Case studies

Pyrowave expands its microwave technology to cement decarbonization in partnership with the University of Sherbrooke with the support of PRIMA Québec

2024-01-08 / Case studies
Montreal, January 9, 2024 — Pyrowave and the University of Sherbrooke have received a funding of 1.25 million dollars from PRIMA Québec, Mitacs, and the Natural Sciences and Engineering Research Council of Canada (NSERC) to apply Pyrowave's microwave platform to the production of low-carbon footprint cement. The innovative use of Pyrowave's microwave technology will enable the production of low-carbon emissions cement. Thanks to the power of microwaves, which are powered by renewable electricity in Quebec, fossil fuels are replaced while facilitating the capture of CO2 from limestone decarbonation.

As an industrial basic product, cement production is globally the second-largest source of greenhouse gas (GHG) emissions. It is also a material with increasing demand. To reduce its environmental impact, the cement industry has established a roadmap to decarbonize the industry by 2050, including the integration of innovative technologies into its processes. During cement production, approximately 35% of greenhouse gas emissions come from the fossil fuels needed to produce the heat required for transforming limestone into cement. The remaining 65% is generated by the limestone reduction reaction that releases CO2.

Electrifying cement production

Instead of burning fuel to heat limestone, Pyrowave's electrified technology will use microwaves powered by renewable energy. This process could reduce greenhouse gas emissions from cement production by about 35%. By using microwaves, the process can also produce a highly concentrated stream of CO2 only from limestone decomposition, reducing capture and sequestration costs by avoiding costly separation from a diluted combustion stream. The Pyrowave platform thus has the potential to produce low-carbon cement at a competitive cost.

Pyrowave's patented technological platform uses microwaves to produce various products with better energy efficiency and a lower carbon footprint. The use of microwaves accelerates reaction time, allowing the use of smaller equipment than those currently used to produce cement. This can have a significant impact on investment costs and the size of a future cement plant using this technology, while improving the overall environmental impact.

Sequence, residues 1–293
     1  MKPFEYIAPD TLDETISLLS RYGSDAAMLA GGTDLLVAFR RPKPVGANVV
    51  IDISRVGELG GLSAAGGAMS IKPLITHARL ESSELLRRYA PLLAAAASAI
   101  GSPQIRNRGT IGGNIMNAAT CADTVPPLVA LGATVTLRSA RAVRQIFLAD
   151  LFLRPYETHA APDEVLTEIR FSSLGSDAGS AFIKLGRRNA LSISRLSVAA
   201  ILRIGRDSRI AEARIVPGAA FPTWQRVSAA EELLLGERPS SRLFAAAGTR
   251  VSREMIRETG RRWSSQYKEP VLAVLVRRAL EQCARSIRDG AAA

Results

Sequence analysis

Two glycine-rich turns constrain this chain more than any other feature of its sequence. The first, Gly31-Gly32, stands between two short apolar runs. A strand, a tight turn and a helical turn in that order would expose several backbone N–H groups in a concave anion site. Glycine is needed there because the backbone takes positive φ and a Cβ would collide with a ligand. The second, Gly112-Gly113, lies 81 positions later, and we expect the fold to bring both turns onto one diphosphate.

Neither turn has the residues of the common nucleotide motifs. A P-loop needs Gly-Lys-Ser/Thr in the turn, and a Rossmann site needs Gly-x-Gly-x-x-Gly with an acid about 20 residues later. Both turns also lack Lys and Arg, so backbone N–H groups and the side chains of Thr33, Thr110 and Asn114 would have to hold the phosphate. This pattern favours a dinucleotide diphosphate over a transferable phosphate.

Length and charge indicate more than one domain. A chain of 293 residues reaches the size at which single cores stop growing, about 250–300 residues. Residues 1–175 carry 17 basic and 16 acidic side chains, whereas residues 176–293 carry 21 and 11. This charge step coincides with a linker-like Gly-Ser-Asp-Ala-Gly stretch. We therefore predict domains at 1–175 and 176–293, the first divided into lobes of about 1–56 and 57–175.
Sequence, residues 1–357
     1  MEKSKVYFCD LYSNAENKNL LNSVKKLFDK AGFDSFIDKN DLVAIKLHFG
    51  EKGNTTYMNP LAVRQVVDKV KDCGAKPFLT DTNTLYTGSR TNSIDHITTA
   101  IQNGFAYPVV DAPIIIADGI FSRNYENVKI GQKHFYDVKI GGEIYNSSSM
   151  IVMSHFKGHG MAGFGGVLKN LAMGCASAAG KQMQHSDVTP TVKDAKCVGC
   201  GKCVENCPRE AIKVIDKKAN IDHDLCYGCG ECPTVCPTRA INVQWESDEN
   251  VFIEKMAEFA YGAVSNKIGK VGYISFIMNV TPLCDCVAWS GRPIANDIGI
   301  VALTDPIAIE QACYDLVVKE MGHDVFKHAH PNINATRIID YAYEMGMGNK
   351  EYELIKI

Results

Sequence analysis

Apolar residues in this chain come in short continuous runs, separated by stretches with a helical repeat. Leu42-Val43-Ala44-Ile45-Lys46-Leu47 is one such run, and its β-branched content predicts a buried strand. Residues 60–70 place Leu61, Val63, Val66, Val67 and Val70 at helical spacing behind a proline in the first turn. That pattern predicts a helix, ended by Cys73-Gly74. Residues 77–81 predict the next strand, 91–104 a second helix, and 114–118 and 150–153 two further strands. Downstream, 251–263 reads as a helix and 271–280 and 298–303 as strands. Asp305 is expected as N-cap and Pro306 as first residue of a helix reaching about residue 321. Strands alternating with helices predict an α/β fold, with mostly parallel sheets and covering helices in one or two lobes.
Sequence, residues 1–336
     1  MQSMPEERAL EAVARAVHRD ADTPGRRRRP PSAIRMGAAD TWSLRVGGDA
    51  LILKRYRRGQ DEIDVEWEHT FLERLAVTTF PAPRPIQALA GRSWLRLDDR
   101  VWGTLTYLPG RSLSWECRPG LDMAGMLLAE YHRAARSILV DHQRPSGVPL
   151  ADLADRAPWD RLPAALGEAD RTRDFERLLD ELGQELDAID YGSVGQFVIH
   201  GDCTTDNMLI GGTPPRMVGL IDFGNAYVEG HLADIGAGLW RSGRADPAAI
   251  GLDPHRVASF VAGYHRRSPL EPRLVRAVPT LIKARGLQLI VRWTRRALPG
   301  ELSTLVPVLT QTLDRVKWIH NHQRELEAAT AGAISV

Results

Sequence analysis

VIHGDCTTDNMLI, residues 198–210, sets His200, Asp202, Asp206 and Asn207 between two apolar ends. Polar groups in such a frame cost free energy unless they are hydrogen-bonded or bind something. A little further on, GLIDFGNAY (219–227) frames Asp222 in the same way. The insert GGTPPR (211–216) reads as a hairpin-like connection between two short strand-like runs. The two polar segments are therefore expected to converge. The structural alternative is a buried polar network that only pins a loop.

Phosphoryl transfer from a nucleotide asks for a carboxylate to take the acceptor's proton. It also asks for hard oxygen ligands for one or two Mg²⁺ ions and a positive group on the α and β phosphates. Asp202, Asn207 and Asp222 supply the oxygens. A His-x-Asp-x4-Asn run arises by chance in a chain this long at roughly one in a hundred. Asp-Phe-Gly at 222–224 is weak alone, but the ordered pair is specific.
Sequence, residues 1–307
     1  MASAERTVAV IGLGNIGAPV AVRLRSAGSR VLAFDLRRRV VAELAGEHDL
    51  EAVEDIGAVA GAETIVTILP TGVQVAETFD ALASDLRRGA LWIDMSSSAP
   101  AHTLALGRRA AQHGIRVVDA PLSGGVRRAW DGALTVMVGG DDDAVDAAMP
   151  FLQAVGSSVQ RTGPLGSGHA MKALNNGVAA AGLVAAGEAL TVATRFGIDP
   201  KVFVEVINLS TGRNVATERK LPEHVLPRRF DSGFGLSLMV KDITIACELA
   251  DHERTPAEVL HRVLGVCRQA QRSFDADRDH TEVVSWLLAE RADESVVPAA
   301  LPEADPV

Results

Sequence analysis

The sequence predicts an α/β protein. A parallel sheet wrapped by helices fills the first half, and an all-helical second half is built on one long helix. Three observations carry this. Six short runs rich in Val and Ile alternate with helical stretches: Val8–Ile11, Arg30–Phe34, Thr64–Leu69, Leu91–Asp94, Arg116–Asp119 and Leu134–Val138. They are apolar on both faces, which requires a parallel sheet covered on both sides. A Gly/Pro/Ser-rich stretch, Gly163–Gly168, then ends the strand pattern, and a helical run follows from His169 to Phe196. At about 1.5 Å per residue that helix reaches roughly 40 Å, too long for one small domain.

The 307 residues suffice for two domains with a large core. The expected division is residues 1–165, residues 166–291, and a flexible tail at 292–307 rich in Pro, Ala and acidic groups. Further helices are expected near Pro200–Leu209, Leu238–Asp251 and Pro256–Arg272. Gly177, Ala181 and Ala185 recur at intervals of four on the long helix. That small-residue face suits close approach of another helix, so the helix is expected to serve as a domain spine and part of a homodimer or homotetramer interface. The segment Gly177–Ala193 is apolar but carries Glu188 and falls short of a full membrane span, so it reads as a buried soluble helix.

"The use of microwaves for cement production is recognized as a possible means of decarbonizing this industry. Pyrowave has developed the key expertise to industrialize this approach and provide a comprehensive industrial solution for producing low-carbon cement," says Jocelyn Doucet, President, and CEO of Pyrowave.

"We have been working very hard for several years to develop and implement eco-efficient binders and concretes with low carbon impact. Globally, we are talking about approximately 3 billion tons annually of CO2 equivalent associated with conventional Portland cement production. Drastically reducing CO2 emissions into the atmosphere during Portland cement production will be a spectacular advancement! Furthermore, by transforming the production process without significantly changing the chemistry of the produced Portland cement, it can comply with existing Canadian standards and thus be quickly adopted by the industry," says William Wilson, Professor at the University of Sherbrooke who will lead the project and is a member of the Research Center on Sustainable Materials, Infrastructures, and Buildings of the Faculty of Engineering at the University of Sherbrooke.

"PRIMA Québec is proud to support the collaborative innovation project combining Sherbrooke's expertise with Pyrowave's unique microwave technology to contribute to the decarbonization of cement and concrete production. This funding from the Ministry of Economy, Innovation, and Energy, through PRIMA Québec, is obtained through the INNOV-R program, which comes from the Electrification and Climate Change Fund. It is a special fund entirely dedicated to the fight against climate change, enabling the implementation of measures from the 2030 Green Economy Plan," says Marie-Pierre Ippersiel, President, and CEO of PRIMA Québec.